By Michael Ndiweni in Turin, Italy
The International Labour Organization is currently hosting a training course on Transition from Informal Economy to Formal Economy targeting over hundred global representatives from governments, labour trade unions and informal economy civil society organizations at the International ILO Training Centre in Turin, Italy. The training began on 12 November 2018 ending 23 November 2018. The training course is anchored on ILO Recommendation 204 that seeks to facilitate the transition of workers and economic units from the informal to the formal economy, while respecting workers’ fundamental rights, ensuring opportunities for income security, livelihoods and entrepreneurship among other issues.
The course equips participants with knowledge on the transition from the informal to the formal economy as well as to engage in constructive dialogue and debate on the future of informality. Africa, Asia, South America and Europe are engaged in advanced thinking around concepts and methodologies for reducing informality in the world with Africa having the largest contingent of over fifty delegates. The training is presenting global participants with an opportunity to exchange lessons on existing practices, and to adopt or adapt lessons learnt to specific country contexts to ensure decent work for all.
Top transition to formal economy experts, statisticians and practitioners from various ILO country offices and other leading international agencies are leading the discussions. Compelling questions such as the diagnostics of informality characteristics, causes, and drivers, circumstances of informality in a national and international context have been interrogated. Global participants have been broken into thematic groups to discuss ideas around extending social protection to workers in the informal economy, dealing with formalization of employment relationship. The next days will examine how macroeconomic and sectoral policies affect informality or the transition to formal economy.
Speaking during the training a researcher from Algeria said that countries cannot integrate informal economies without the political will. While giving a contextual analysis Mr Phillipe Marcadent from ILO said “ You cannot ignore people in the informal economy because are the majority” “60% of population in the world are in the informal economy, women have worst conditions in the informal economy and need special attention, we cannot globalise informal economy because there are wide and different scenarios” he continued . Another expert, Head of Informal Economy Unit – ILO Mr Frederic Lapeyre quizzed participants on how can they make sure that people have decent work and are able to deal with structural transformation.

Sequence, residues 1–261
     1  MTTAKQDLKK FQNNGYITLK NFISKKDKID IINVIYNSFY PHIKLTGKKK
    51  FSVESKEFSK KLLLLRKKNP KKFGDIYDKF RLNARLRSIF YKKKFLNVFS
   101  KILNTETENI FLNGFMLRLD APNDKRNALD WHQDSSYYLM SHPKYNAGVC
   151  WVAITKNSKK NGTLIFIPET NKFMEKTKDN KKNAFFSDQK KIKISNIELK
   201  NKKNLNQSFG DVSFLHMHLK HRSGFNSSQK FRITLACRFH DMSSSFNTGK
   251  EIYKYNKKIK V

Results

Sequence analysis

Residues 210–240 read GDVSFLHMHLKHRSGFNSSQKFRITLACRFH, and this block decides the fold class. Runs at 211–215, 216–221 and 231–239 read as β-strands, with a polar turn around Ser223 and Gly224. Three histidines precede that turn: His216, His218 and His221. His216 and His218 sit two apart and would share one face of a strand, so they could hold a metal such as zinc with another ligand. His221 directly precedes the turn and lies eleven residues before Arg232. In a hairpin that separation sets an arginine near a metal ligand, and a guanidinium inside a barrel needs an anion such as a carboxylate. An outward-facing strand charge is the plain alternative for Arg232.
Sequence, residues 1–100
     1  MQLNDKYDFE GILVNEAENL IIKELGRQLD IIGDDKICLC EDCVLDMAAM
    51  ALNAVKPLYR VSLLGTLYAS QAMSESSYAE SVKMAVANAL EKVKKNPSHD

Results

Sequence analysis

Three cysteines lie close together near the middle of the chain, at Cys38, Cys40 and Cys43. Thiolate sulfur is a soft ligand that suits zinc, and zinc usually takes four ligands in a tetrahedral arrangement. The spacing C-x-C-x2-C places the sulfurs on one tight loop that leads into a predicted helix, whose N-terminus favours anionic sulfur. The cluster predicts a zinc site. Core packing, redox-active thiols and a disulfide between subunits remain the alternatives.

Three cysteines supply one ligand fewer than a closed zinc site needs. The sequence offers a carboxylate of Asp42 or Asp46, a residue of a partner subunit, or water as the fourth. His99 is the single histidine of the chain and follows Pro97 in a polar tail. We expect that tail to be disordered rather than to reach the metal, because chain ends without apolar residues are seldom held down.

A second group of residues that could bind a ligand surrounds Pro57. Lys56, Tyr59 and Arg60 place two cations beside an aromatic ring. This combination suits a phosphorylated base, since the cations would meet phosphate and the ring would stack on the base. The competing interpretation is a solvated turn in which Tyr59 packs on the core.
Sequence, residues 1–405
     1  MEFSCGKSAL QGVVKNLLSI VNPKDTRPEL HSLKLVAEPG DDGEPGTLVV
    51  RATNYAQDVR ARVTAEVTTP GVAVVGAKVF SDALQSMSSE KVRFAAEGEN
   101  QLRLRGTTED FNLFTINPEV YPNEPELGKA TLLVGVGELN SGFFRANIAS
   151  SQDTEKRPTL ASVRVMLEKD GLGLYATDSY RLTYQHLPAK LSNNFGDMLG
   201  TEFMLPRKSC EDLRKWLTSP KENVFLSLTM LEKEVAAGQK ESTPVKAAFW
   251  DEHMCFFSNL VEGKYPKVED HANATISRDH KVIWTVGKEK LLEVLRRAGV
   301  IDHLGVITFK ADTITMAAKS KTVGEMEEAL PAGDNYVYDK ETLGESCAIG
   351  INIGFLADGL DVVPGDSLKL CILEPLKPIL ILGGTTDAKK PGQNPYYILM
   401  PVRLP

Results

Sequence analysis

Some participants however challenged and questioned the motive for formalization and argued that Recommendation 204 seem to be to some extent advancing a neo liberal agenda that will be further burden workers in the informal economy who are facing with problems of declining economies particularly in many African economies.
One of the key fundamentals of Recommendation 204 is that it does not cover illicit activities, in particular the provision of services or the production, sale, possession or use of goods forbidden by law, including the illicit production and trafficking of drugs. The recommendation also does not cover the illicit manufacturing of and trafficking in firearms, trafficking in persons, and money laundering, as prohibited in the relevant international treaties.
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